At Maximo Nivel we understand that choosing to study abroad can be a big decision. Whether it’s one week, one month, or one year, we want to make sure you have the most positive experience possible which includes living accommodations that add a dynamic perspective of cultural immersion.
Our local families go through a thorough approval process before being accepted to host. Most stays are middle to upper class households that have been partnering with us for several years, and live no more than a 15-20 minute commute from campus. You might share a room with other international participants of the same age and gender, but private rooms are also available. Regardless of your accommodation, you can be sure you’ll receive a comfortable bed, hot showers, WiFi, and tremendous improvement of your Spanish language skills! You’re free to come and go as you please, but immersion means respecting the household rules of a host-family.
Though we encourage all of our participants, and especially participants looking to improve their Spanish, to choose a home-stay, don’t take it from us. Read on to learn of real experiences our international guests had with their host-families while volunteering, interning, and studying abroad.
Devin K. – Antigua, Guatemala
The experience of volunteering abroad in Guatemala was meant to knock me off my feet, so I wanted to have as many new experiences as possible, and that included a host-stay. I wasn’t at all sure what to expect, but when I arrived, my sweet house mom gave me a full tour and showed me to my private room. It consisted of a twin size bed, a small desk and a closet perfect for my short stay.
She informed me that I wasn’t the only volunteer she was hosting, and later on I met other volunteers like myself. It was really cool to get to know everyone, learn about their backgrounds, what brought them to Guatemala, and why they chose a volunteer abroad experience. I guess you find a tribe when you do something that’s true to you because all of the volunteers at the house had so much in common. We were all eager to put our best foot forward and excited for the new adventures that awaited us.
I think the excitement got to our host family as well as even they began pitching ideas and giving us more insight into the culture to determine if certain events would be successful or not. Staying with a host family, and meeting such like minded people, was a highlight of my trip. I still keep in contact with them all- including my host family!
Tia L. – San Jose, Costa Rica & Cusco, Peru
I volunteered with Maximo Nivel on two separate occasions; I completed a construction project in Costa Rica and an animal care project in Peru. Certainly, there were differences, but regardless, one of my favorite experiences at both was living with a host-family.
Being welcomed and cared for by a host family is what really gave me insight into the daily lives of the local people and helped to bridge any gaps that may have been fostered without their kindness and compassion. It was with open arms (literally) that I met family members who lived inside and outside of the home, and spent time getting to know the people who made my stay so memorable. It was amazing to be part of their culture and family, even if only for a short time, as it was the greatest learning experience of all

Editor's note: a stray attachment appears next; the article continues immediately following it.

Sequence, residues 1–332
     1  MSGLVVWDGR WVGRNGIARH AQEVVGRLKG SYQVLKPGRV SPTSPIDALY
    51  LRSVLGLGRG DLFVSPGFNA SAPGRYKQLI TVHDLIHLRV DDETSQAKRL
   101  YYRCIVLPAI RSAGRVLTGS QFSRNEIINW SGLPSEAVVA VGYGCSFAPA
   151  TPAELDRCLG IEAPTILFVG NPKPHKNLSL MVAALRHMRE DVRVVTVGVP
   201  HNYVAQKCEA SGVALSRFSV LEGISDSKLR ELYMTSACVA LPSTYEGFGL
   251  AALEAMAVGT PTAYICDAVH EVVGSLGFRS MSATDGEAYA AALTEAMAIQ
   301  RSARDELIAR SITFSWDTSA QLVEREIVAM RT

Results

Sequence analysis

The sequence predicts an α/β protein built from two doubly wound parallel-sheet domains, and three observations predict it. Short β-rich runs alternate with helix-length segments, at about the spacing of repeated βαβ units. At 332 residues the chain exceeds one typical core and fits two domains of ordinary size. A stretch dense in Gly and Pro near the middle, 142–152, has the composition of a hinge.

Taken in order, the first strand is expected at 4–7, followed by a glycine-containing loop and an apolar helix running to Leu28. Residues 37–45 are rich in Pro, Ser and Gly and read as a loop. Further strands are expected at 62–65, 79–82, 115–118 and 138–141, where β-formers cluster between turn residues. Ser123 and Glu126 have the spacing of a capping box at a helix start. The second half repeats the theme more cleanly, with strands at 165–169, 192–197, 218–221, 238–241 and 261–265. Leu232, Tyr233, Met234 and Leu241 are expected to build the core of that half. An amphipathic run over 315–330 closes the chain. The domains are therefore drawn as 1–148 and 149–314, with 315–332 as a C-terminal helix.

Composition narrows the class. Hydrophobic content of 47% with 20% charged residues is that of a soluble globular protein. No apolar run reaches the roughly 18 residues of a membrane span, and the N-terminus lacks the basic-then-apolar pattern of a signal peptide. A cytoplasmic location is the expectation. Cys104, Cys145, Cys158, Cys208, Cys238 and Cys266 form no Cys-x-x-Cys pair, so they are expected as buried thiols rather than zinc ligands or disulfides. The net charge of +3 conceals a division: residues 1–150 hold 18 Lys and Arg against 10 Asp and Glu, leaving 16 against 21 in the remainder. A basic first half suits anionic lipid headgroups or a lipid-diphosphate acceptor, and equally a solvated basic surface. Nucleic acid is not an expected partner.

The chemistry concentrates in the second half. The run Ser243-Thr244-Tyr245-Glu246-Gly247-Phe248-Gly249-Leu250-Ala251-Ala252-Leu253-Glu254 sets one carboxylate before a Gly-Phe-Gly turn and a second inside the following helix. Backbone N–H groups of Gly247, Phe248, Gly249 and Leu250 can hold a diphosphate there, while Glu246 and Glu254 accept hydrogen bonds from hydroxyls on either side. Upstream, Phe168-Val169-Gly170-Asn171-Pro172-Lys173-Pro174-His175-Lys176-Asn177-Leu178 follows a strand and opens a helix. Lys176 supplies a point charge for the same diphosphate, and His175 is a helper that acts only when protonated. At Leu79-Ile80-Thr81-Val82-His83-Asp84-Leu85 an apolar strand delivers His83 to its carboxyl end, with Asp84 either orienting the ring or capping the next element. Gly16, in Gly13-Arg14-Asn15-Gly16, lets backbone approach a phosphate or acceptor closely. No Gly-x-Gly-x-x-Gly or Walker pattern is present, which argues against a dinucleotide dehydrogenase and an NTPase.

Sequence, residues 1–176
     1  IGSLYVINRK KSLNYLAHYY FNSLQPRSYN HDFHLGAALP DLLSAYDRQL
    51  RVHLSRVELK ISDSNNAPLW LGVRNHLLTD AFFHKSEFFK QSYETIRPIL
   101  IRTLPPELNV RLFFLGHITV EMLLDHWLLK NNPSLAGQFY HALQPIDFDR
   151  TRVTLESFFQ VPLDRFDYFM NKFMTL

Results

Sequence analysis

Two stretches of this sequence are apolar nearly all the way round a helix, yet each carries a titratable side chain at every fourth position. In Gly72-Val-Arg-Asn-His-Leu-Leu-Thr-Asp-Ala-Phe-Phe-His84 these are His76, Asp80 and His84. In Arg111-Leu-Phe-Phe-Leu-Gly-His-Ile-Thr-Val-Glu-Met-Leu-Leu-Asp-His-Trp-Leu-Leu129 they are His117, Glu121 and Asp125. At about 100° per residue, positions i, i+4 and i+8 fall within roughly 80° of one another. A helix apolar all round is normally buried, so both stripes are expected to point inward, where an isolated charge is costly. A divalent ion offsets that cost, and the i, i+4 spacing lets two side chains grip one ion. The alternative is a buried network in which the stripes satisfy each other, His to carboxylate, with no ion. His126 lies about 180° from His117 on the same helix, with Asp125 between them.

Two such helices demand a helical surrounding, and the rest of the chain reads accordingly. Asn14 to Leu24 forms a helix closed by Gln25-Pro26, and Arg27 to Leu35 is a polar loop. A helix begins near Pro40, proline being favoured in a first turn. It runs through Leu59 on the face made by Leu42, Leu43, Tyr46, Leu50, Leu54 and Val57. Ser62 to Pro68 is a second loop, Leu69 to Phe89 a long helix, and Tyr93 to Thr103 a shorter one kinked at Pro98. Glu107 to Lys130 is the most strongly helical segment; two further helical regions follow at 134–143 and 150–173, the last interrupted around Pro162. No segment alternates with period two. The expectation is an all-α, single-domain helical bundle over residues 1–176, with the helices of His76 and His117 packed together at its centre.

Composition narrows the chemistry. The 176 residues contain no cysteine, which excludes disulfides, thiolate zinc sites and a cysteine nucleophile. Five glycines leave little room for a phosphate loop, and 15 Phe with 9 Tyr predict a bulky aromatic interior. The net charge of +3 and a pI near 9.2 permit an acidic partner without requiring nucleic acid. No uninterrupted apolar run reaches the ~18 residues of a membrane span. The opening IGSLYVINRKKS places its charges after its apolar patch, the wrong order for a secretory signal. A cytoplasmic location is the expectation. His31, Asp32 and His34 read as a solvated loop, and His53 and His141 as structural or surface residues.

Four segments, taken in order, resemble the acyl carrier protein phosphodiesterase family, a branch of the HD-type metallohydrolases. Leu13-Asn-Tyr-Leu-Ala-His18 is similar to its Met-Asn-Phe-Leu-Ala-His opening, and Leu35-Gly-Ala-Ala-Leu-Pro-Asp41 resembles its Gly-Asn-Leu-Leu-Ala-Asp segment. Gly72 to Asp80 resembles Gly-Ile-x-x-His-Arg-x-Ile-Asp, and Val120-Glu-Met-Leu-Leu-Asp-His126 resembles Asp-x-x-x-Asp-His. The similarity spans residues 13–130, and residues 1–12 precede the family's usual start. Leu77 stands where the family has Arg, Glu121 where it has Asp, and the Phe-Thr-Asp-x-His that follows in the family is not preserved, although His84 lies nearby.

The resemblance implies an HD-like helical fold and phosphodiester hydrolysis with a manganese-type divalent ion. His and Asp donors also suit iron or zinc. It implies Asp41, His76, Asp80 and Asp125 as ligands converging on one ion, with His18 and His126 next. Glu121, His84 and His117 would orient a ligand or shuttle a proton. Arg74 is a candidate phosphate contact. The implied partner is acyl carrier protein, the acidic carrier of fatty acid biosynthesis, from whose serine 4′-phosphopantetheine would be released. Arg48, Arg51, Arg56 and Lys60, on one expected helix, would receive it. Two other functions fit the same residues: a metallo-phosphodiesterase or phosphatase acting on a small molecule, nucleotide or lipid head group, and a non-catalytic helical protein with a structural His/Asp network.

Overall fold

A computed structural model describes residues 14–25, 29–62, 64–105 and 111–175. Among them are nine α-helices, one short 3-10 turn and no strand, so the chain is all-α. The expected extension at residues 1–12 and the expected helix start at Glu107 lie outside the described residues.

Not only did they open their homes to me, but they introduced me to the local flavor of the country. In Costa Rica, I gorged on traditional rice and beans. I don’t eat it often back home, so it was one of my favorites, and my host mom was happy to cook it! She also did her best to make me feel welcomed by preparing some North American favorite. My host mom in Peru would often make a delicious vegan broccoli soup that tasted like a classic broccoli cheddar soup! I also really loved the fried plantains.
Without having had these great experiences, I would never have met the wonderful people I am honored to call my hosts families and the amazing friends I met at the institute.
Kyle F. – San Jose, Costa Rica
Since I knew I’d be volunteering in San Jose, I wanted to feel like I lived there, too. That’s how I ended up staying with a sweet couple a short bus ride from the Maximo Nivel institute in Costa Rica. I was able to take a bus to and from my volunteer placement which made me feel like a true local.
After a long day of work, I’d ride the bus back and find that a delicious dinner was always ready. Myself and Alex, the husband, would talk endlessly about construction work and how some building techniques are different from back home, while Marta and her daughter chatted about their own interests, as their granddaughter ran around with the dog.
As simple as my nights were, I really appreciated them. Dinners with my own family only happen during holidays since we all live so far away from one another, so being surrounded by family was truly special.
Rebeca S. – Antigua, Guatemala & Cusco, Peru
I volunteered twice with Maximo Nivel; the first time in Guatemala and the second time in Peru. Both times, I chose to stay with a host family which added to the volunteer abroad experience in both countries. My host-stay experience in Guatemala felt like a college dorm room with 5 girls. It made it easy to connect with others, learn from one another, and helpful for those who wanted to practice their Spanish. Our host mom had no issues accommodating her meals to my vegetarian lifestyle and for the first time, I was able to experience Guatemala’s delicious beans with a Salvadoran spin to them.